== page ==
From Isaac Akwetey-Okunor, Koforidua
The entire membership of the Eastern Regional branch of the National Association of Graduate Teachers (NAGRAT) has indicated its readiness to lay down teaching materials during the next academic calendar, if the government fails to address the poor conditions of service of its members by the end of this month.
According to the group, it appears the government’s public pronouncement and impression created on the Single Spine Pay Policy (SSPP), which is aimed at solving all salary anomalies in the civil and public sectors, was just to favour some groups of public workers.
This was contained in a press release dated December 14, 2010, and signed by the Regional Chairman of the Association, Mr. Kwaku Djan Asante.
According to the release, the association, which embarked on a strike action in 2006 for better conditions of service, was made to believe that the policy was to address salary anomalies in the public sector, leading to better conditions of service.
It continued that some public sector workers were migrated from the perceived poor salary structure to the policy in July 2010, with its resultant levels of increases, amidst praises for the government, which lent credence to the impression that the SSPP would lead to the enhancement of salaries of public sector workers.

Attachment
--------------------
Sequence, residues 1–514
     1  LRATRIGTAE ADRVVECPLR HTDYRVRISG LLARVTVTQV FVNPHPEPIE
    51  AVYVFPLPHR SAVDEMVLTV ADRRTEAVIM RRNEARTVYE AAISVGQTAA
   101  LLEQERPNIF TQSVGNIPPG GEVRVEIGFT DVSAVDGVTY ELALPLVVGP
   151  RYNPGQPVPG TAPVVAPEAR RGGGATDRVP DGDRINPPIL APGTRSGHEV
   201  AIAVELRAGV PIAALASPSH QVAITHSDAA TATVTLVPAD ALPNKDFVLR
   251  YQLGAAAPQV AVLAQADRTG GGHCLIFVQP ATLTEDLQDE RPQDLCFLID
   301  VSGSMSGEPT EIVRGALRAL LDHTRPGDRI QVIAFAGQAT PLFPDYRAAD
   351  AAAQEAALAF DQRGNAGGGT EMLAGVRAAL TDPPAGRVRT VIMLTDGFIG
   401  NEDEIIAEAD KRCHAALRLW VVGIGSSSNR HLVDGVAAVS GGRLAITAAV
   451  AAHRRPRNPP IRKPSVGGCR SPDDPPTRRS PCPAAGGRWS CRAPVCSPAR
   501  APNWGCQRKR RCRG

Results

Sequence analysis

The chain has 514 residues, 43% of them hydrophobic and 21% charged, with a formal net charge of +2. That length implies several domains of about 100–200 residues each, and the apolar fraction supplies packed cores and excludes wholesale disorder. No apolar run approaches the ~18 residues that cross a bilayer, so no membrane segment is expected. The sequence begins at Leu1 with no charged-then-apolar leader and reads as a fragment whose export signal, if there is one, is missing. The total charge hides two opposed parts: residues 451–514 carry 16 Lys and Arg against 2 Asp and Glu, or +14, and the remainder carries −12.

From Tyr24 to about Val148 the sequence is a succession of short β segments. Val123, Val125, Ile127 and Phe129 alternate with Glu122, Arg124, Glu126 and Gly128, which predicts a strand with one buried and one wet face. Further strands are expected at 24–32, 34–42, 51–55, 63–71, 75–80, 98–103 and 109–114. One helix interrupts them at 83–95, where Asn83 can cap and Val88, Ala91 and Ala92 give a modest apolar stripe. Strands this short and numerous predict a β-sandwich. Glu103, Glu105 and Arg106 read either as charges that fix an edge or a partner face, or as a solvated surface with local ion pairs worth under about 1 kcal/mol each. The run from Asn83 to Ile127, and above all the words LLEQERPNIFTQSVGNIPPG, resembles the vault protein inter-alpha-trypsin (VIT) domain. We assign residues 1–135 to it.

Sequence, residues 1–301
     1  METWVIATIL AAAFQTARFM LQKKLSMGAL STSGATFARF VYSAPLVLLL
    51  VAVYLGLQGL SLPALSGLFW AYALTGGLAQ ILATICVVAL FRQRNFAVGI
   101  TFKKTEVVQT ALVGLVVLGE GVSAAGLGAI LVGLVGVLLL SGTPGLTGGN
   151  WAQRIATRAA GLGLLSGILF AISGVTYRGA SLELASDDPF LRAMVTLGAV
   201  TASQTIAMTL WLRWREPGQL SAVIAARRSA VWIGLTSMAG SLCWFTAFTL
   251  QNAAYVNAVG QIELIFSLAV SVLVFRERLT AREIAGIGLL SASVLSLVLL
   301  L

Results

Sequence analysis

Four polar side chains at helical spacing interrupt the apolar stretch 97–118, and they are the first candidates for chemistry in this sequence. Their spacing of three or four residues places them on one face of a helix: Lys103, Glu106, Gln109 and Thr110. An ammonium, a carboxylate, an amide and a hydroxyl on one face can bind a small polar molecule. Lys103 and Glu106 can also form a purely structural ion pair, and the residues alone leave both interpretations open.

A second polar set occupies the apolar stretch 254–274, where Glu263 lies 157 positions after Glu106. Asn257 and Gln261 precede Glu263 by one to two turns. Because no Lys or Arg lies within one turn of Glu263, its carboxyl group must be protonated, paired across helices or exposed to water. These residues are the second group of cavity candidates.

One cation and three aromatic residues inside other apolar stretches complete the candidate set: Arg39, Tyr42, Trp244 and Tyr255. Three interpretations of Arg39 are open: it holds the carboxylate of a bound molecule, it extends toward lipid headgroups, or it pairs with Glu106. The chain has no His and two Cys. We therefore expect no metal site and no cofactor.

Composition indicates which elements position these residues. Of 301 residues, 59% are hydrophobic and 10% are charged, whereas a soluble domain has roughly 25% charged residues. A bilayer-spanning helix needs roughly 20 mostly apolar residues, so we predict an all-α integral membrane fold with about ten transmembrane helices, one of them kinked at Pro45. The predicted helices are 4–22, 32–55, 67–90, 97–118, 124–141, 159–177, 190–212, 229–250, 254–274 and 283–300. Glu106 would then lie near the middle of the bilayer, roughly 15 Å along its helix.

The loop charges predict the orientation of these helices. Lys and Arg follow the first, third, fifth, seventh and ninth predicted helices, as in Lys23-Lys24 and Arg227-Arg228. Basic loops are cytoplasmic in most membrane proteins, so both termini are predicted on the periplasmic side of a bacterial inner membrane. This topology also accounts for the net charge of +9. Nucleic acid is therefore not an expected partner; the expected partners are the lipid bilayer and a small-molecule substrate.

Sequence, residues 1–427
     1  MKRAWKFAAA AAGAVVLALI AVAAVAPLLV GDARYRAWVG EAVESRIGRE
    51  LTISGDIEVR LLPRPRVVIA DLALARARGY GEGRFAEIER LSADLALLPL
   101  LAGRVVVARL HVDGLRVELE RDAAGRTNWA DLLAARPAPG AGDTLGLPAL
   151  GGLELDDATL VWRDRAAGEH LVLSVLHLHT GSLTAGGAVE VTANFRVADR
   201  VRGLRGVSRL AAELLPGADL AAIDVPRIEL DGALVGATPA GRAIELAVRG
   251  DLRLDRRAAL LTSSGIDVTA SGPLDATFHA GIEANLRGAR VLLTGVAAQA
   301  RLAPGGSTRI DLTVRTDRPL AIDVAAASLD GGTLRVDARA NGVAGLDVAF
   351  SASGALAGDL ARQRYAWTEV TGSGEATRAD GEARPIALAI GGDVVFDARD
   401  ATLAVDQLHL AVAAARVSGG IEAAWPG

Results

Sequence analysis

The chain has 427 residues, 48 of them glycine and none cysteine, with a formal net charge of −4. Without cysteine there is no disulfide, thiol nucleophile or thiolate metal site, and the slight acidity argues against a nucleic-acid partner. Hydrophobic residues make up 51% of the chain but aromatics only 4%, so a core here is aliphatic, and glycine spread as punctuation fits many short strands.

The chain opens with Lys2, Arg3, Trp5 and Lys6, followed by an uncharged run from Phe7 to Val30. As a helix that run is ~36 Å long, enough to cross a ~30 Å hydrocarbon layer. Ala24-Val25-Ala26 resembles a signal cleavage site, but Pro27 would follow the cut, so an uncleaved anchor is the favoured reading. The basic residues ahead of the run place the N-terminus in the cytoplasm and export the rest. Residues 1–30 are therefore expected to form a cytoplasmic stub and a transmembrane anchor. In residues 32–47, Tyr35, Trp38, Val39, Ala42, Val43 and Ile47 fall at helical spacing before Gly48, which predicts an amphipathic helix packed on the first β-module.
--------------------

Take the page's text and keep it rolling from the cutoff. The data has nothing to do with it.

The release mentioned that NAGRAT had over the period stated its dissatisfaction with the pace at which the Fair Wages and Salary Commission (FWSC) had been working to resolve the impasse.
NAGRAT claimed that teachers would be worst off, if they should be migrated today, since 80% of them were in the non-tertiary education group, as a result of a huge conversion difference.
“Our major worry with the implementation is if teachers are migrated today, over 80% of teachers in education non-tertiary will be worse off as result of a huge conversion difference. What it means is that the pupil teacher to the principal superintendent grade, will not see any increase with the implementation,” it explained.